Courage in the face of Fear
Preached by Pastor Peter Beeson
June 24, 2018
On Tuesday two clean-cut, well dressed, African missionaries came to Bible study.
My first thought as they walked through the door was, “They’re lost” followed by the thought, “They’ve come to kill me.” I panicked as I glanced around looking for exits while inviting them to sit down and asking if I could get them a glass of water or cup of coffee. (PAUSE) (BREATHE)
In that moment the death threats I, and by extension my family, have received finally got to me. And it wasn’t just that. There has been a lot going on in the world in the past few weeks.
Last week was the third anniversary of the shooting at Mother Emmanuel AME church in Charleston, South Carolina. A day when a young, white, man shot and killed nine members of a historically black church, who invited him to join them in Bible study.
Then two years ago a young Arab man shot and killed 49 members of the LGBT Latino community. They, like the people at Mother Emmanuel were gathered in what was supposed to be a safe space, a gay bar known for providing refuge for those who are both Latino and LGBT. (BREATHE)
And then in February, during the renaming ceremony, there were the death threats I, and by extension my family, received.
Written by people who thought of themselves as good Christians, concerned about the soul of this community.
And Jesus has the gall to ask if we’re afraid.
As if all that is going on in the world and in our own lives, isn’t enough cause us to fear, doubt, and lose faith.
As professional seafarers the disciples were afraid. They knew what was happening was scary. The Sea of Galilee had a reputation for violent storms that would come out of nowhere, sinking ships and killing crews. As professional fishermen, people who knew how to read the waves, and the clouds and the storms, the disciples respected the power of the sea. (BREATHE)
And as we, as educated, sophisticated, urbane people skilled in reading newspapers and foreign policy, are afraid. If you aren’t (at least a bit) unnerved by what is happening in the world. Consider that you might be numbing in some way.
It is all right to be afraid.
However sometimes we’re afraid of the wrong thing.
The disciples survived the storm we read about today.
The people I thought were African missionaries who had found out I am trans and were coming to Bible study to kill me, were recently retired professionals who (like many of our summer visitors) had come to visit their adult child who is working in New York City. As Lutheran members of a Lutheran church in South Africa, they had seen St. Matthew Trinity while walking around Hoboken and wanted to see inside. Because they had other obligations this Sunday, they had stopped by LunchTime Ministry, where Spike had told them about Bible Study. The words they offered during that last part of Bible study, and then again when I was giving them a tour upstairs of the Sanctuary, were exactly the words I needed to hear on Tuesday. (BREATHE)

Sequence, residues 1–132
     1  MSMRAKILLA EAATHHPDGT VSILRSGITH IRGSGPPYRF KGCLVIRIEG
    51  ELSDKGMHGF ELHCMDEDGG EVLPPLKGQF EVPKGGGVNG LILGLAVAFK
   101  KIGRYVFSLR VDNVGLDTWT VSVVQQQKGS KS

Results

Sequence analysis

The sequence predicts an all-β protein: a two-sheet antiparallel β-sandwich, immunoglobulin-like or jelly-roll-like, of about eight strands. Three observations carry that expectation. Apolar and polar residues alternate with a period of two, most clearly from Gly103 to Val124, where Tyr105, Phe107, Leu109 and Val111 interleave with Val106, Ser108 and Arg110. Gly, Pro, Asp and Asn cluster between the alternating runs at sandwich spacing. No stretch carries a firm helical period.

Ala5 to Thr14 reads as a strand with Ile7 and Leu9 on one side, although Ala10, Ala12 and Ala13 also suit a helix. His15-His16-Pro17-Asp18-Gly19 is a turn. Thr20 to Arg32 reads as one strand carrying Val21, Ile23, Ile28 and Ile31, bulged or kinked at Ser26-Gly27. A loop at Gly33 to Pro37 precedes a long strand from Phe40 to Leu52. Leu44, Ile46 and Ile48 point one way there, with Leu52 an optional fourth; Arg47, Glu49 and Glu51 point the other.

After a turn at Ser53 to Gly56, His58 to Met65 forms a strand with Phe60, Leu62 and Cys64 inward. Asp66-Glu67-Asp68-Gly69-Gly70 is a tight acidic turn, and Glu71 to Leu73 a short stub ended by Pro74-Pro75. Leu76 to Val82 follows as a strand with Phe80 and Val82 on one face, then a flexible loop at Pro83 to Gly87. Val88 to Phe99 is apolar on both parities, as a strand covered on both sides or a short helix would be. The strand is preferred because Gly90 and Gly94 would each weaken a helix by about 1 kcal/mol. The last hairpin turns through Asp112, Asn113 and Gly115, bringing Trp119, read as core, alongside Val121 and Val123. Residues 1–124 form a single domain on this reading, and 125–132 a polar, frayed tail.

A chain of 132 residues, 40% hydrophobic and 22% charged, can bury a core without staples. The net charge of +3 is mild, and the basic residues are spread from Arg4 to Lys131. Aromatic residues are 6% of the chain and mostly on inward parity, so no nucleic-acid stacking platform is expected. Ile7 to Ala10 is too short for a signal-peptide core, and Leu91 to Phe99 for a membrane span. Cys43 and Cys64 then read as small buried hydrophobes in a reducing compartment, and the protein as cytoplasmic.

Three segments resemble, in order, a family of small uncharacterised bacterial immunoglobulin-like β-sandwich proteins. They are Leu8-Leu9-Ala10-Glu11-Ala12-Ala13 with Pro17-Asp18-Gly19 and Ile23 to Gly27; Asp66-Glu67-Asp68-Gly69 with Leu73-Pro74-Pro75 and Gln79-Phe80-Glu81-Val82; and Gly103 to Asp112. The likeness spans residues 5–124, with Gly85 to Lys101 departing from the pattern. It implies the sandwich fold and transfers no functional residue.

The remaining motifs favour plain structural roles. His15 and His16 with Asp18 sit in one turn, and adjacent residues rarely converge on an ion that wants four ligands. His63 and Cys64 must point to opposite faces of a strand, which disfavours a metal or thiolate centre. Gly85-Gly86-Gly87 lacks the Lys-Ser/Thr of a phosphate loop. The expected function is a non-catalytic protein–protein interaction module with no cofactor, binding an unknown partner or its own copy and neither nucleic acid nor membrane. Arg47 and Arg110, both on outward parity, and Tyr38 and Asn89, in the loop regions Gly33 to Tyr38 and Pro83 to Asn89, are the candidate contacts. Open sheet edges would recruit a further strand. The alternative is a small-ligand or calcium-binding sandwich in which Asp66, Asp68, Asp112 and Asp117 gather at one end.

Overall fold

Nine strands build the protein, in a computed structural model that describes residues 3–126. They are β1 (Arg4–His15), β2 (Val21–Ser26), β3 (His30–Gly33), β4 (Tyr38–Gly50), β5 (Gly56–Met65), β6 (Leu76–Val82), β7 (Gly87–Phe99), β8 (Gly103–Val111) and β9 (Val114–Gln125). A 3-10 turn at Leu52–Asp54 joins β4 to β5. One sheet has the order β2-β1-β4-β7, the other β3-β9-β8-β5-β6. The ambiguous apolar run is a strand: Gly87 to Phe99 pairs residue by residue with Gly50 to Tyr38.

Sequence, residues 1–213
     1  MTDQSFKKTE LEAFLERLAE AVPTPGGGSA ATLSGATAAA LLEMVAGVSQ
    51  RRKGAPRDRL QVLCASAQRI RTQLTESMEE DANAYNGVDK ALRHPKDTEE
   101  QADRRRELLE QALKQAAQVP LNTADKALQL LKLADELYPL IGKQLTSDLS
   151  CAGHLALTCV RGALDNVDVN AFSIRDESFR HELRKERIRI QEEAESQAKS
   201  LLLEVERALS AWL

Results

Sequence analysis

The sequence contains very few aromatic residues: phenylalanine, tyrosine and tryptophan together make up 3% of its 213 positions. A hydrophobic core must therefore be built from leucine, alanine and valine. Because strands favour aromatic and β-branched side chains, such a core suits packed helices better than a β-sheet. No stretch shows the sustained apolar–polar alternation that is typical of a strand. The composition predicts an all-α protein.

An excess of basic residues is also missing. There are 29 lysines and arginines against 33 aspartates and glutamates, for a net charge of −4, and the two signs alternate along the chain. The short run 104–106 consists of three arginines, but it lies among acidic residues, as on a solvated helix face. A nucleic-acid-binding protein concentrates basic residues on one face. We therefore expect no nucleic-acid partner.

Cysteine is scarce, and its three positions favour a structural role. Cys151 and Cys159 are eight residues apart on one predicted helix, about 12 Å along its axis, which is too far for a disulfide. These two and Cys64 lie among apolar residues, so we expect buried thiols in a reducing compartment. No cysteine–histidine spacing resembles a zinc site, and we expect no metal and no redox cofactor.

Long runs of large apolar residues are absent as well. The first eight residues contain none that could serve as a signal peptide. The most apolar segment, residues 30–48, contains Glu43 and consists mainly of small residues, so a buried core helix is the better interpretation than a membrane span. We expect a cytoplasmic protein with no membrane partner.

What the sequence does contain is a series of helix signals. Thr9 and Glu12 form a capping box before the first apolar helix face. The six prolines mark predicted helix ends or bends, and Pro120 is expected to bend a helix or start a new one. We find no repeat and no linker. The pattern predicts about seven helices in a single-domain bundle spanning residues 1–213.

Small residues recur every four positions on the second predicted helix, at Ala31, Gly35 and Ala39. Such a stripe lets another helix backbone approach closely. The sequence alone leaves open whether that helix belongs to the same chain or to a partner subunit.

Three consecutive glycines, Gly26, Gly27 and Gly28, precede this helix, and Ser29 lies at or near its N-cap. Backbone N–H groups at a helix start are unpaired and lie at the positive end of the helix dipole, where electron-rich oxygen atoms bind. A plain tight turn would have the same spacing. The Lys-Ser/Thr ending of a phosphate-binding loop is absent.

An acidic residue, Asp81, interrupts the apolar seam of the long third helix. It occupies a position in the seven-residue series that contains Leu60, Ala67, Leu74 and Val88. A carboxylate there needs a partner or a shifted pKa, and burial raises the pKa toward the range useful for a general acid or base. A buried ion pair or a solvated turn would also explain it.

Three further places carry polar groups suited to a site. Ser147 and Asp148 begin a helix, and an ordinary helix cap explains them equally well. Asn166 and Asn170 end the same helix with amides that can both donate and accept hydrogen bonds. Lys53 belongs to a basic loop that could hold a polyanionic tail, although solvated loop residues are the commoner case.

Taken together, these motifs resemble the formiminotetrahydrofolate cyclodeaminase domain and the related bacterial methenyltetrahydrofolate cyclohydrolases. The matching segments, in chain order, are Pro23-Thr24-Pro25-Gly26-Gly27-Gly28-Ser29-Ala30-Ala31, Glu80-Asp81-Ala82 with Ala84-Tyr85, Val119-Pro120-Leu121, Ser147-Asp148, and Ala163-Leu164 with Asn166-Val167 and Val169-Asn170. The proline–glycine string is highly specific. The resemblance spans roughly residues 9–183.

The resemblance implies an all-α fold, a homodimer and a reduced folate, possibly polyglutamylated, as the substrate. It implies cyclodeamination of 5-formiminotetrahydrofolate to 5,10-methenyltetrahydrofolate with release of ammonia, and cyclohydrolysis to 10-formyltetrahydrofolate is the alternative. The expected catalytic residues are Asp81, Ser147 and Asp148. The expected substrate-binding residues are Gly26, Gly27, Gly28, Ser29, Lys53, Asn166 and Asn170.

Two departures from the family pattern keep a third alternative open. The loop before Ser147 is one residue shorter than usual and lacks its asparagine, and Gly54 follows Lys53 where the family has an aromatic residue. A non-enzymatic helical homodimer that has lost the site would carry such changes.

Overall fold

(So much for being afraid)
In the book of Job God shows how God works beyond human comprehension; using even the things we fear or don’t understand as part of God’s creation.
However even knowing that, even knowing that God can use all things, it is all right to be afraid. Courage isn’t the absence of fear, it is the drive to do something anyway.
Throughout this summer we will be exploring themes like this. Where reality intersects with faith. We will hear stories of doubt, forgiveness, prayer, and hymnody. We will explore how our worship forms our faith, how God gives us the tools to be resilient even when we are afraid. I hope you come for this summer and hear stories from people in this community.
And if you would like to do something in the meantime, a few of us are going over to New York City to march with other Lutherans in the Pride Parade, today. On Tuesday there is a vigil for immigrants at Frank Sinatra Amphitheater down by the river, here in Hoboken, and then on September 9th, during God’s Work, Our Hands Sunday we will Stamp Out Despair, by assembling care packets for refugees.
It is all right to be afraid.
God gives us the courage to act, anyway.
Based off the Bible passages:
Job 38:1 - 11
2 Corinthians 6:1-13